A cute-as-a-button moppet adopts, raises, and loves a lost little duckling.
Keane’s digital illustrations have the loose, line-and-wash, mid-20th-century look of Marc Simont or Hilary Knight, with the exception of their central character, a thoroughly modern brown-skinned girl with two black pom-pom pigtails. When the little, yellow duckling follows a butterfly out of the park, the protagonist finds it and brings it to her well-appointed row house (where she apparently lives alone, as there’s no sign of an adult anywhere). She nurtures it through night feedings, plays with it inside, and, recognizing it’s time to say goodbye, takes it back to the park, where it swims away. It’s a 32-page expansion of the old poster platitude, “If you love something, let it go,” and (spoiler alert) the duckling does indeed come back the following spring, now grown and with a brood of its own. Unfortunately, the text is simply a series of soppy, frequently nonsensical “Love is” statements entirely in line with the platitude. “Love is holding something fragile, tiny wings and downy head. / Love is noisy midnight feedings, shoe box right beside the bed.” Having evidently decided to sacrifice sense to scansion and rhyme, Adams mystifyingly and periodically abandons that scansion, but never does she let go of the treacly sentiment. The charming illustrations mark Keane as one to watch, with her admirable command of line, composition, and narrative possibility.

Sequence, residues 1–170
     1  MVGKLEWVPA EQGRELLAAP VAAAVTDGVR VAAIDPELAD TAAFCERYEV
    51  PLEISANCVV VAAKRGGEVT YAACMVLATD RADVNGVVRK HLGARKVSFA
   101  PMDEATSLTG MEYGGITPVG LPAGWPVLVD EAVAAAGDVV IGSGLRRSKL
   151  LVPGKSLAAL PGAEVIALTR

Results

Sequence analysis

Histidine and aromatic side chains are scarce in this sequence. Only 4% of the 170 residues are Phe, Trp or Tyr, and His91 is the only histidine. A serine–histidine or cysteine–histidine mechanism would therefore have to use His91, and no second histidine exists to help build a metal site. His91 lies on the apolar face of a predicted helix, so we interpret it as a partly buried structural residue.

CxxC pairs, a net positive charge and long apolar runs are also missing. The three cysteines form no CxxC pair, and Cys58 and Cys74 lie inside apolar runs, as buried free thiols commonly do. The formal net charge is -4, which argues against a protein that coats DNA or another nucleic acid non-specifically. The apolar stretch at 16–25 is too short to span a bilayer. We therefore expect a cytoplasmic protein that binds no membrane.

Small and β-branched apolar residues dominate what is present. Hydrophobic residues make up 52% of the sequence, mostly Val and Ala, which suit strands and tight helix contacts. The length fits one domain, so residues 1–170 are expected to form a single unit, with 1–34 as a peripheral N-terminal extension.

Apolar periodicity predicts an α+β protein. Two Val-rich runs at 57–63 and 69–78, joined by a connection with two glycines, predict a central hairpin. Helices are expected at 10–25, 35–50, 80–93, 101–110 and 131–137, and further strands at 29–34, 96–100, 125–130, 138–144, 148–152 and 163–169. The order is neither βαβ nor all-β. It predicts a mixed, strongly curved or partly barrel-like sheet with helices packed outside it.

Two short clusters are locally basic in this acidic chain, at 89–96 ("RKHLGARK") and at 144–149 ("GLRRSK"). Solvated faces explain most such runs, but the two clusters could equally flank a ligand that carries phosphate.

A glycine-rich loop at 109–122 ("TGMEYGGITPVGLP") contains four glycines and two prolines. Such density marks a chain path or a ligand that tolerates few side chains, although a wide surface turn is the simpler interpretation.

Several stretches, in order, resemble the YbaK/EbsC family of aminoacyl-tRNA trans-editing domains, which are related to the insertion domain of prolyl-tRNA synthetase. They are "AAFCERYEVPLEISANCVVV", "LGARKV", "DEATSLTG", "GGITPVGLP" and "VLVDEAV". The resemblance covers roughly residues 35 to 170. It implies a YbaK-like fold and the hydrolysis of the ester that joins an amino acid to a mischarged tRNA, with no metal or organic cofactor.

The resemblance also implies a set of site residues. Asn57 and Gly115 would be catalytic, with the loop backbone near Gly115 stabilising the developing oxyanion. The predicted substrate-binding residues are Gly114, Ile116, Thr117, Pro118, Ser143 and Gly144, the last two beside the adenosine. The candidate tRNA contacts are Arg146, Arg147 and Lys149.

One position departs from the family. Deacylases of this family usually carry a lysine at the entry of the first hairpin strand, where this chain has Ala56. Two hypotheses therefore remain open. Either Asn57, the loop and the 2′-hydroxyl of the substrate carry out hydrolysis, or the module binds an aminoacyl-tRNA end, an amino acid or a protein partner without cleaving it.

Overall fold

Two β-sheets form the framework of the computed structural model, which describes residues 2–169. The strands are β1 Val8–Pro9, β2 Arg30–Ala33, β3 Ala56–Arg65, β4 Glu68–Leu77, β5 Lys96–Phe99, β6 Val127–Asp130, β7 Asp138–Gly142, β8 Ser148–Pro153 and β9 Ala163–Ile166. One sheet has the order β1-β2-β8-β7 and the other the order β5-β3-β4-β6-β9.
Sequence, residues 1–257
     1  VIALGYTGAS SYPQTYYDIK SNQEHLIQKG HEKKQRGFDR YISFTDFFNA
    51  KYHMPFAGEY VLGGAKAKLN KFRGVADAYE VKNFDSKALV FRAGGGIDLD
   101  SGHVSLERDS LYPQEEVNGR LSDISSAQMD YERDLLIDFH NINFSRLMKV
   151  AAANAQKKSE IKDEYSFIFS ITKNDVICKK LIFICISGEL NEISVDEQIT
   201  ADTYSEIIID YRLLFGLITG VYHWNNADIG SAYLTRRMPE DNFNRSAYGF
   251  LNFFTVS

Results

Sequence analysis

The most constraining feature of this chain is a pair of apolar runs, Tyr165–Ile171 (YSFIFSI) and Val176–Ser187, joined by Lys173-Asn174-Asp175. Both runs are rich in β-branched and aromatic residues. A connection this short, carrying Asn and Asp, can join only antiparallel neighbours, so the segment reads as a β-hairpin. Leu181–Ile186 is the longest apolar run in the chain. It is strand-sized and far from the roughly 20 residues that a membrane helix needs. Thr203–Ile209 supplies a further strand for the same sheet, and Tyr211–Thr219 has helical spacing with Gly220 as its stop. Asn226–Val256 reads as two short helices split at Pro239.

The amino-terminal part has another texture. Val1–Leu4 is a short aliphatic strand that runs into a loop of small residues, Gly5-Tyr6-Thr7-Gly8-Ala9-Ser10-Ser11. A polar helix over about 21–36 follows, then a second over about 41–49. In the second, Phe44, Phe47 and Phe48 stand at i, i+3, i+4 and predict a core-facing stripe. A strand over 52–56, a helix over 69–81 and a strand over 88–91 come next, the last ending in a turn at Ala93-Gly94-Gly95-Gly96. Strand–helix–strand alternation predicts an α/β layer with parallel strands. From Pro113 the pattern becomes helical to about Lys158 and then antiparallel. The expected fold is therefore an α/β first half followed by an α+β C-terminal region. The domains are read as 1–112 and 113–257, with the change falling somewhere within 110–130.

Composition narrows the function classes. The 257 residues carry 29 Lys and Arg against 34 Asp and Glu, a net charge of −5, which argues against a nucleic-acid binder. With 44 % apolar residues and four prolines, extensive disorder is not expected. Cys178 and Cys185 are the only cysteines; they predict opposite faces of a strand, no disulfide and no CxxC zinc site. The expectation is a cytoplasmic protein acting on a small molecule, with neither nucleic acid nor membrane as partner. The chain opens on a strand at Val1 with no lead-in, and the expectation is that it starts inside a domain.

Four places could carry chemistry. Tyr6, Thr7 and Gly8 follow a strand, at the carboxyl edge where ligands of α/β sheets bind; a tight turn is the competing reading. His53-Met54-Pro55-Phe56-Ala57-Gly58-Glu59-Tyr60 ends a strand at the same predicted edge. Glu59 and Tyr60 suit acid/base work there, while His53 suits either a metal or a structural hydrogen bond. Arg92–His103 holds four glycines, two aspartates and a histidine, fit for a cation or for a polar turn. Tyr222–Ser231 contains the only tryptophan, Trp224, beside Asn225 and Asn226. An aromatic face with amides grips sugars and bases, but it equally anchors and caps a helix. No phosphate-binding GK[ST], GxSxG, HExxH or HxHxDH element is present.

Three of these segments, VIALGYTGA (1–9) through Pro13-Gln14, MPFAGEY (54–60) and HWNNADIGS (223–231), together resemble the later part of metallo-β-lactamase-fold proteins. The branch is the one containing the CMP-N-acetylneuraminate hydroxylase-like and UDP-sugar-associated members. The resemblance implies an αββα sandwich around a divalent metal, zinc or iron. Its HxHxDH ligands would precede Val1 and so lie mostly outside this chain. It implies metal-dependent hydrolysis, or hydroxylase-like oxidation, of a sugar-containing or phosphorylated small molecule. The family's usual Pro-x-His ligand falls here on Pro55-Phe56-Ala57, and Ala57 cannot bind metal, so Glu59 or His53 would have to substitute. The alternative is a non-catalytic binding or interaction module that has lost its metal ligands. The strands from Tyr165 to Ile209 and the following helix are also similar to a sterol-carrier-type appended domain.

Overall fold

A pretty, hardcover greeting card. (Picture book. 3-5)